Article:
- **Brainard, Aldis: Letter , 1862. 0.1 cu. ft. Union soldier of the 5th Vermont Infantry. Letter written June 8, 1862, from camp outsi­de Richmond, Virginia, to his wife. Describes the Battle of Fair Oaks and the resulting stench from the dead soldiers on the field. (Virgi­nia Tech, Univ. Libraries, Special Collections: Civil War guide. Manuscript Sources for Civil War Research in the Special Col­lections Department of the Virginia Tech Libraries Ms89-044).



Brainerd, Wesley:

US-Col; Co. F&S, 15th Regiment New York Engineers (National Park Soldiers M551 Roll 14); zuvor Major (Captain), Co. C, 50th Regiment New York Engineer (National Park Soldiers M551 Roll 14).



- **Brainerd, Wesley: Bridge Building in Wartime (Knoxville/TN: University of Tennessee Press, 1997); 440 pp; Illustrated; Edited by Ed Malles. Colonel Wesley Brainerd's memoir of the 50th New York Volunteer Engineers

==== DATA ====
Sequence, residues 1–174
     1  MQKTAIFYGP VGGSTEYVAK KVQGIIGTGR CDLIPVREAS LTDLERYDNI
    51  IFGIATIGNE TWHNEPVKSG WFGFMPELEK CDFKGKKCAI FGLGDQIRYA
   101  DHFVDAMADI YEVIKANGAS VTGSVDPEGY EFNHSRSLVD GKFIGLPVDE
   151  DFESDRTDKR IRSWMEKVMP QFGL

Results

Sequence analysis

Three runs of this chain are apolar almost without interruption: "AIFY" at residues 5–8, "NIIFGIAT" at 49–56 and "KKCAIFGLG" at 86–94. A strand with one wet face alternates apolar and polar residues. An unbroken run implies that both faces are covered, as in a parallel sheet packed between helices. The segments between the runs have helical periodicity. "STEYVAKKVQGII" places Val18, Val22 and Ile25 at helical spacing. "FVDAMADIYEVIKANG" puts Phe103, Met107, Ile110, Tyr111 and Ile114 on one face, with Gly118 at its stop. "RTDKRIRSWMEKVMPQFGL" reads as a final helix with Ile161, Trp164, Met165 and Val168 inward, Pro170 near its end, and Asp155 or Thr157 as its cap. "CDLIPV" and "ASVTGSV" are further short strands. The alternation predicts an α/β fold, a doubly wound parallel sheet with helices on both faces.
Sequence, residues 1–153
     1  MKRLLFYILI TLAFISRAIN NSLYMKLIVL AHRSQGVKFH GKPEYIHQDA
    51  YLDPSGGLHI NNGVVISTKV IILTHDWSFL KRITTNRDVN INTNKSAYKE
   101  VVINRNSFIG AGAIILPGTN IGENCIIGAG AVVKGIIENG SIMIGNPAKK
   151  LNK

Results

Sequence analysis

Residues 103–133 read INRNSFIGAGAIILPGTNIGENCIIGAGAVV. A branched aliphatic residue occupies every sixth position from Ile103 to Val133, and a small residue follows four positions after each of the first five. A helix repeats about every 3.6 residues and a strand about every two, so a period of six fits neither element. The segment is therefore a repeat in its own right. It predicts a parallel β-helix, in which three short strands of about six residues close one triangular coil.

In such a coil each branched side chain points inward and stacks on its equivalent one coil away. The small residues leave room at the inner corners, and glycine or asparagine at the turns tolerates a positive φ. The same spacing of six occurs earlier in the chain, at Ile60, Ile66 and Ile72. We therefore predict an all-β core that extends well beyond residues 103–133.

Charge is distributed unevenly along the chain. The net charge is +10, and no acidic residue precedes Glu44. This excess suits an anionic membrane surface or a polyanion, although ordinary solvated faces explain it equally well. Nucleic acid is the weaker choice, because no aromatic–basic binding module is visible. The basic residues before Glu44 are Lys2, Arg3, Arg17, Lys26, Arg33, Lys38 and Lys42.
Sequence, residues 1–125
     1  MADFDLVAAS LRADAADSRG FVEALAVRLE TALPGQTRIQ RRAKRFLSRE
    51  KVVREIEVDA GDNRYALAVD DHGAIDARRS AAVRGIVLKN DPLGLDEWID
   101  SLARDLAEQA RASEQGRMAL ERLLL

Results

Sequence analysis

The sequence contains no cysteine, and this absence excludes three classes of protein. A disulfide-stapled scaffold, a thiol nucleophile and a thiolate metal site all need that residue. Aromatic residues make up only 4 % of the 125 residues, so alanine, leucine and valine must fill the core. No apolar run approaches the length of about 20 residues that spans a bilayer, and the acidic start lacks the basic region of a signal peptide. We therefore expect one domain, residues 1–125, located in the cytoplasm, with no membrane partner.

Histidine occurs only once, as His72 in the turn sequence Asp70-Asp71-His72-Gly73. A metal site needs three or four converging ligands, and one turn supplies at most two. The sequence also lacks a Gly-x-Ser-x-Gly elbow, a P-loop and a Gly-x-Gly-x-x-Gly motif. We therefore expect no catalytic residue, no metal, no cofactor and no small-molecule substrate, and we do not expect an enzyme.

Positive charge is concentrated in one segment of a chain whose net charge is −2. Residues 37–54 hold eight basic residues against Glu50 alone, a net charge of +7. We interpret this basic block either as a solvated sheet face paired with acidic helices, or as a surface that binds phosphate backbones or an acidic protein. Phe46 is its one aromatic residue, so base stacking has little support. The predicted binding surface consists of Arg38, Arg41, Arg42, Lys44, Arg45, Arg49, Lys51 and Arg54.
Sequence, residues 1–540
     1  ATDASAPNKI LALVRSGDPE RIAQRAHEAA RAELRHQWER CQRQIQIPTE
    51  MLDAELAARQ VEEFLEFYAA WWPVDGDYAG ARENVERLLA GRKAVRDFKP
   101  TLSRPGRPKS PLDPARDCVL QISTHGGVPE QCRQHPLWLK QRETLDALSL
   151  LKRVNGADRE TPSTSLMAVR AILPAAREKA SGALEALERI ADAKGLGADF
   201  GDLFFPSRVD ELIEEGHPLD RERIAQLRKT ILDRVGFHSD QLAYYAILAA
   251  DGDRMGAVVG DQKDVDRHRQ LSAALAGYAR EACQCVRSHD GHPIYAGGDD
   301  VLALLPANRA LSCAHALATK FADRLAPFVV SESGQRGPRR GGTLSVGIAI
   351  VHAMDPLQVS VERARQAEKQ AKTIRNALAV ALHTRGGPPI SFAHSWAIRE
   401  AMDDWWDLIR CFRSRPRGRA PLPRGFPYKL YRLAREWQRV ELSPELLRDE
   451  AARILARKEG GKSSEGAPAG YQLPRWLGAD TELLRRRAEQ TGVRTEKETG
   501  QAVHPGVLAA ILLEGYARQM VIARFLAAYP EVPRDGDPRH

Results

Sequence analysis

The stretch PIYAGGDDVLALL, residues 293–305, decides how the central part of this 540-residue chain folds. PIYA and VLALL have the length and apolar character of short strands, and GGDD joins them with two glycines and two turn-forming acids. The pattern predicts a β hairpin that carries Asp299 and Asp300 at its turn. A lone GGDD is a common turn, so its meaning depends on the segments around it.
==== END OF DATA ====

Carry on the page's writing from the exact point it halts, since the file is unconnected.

Braly, William C:

CS-Pvt (?); Co B, 34th Arkansas Infantry; Frank Braly served as minister for the Salem congregation of the Cumberland Presbyterian Church until his death in 1856. When the war broke out, his son William enlisted in Company B, Thirty-fourth Arkansas Infantry, and saw action at Prairie Grove (Washington County), Helena (Phillips County), and Jenkins' Ferry (Grant County), while the rest of his fami­ly remained at Cane Hill.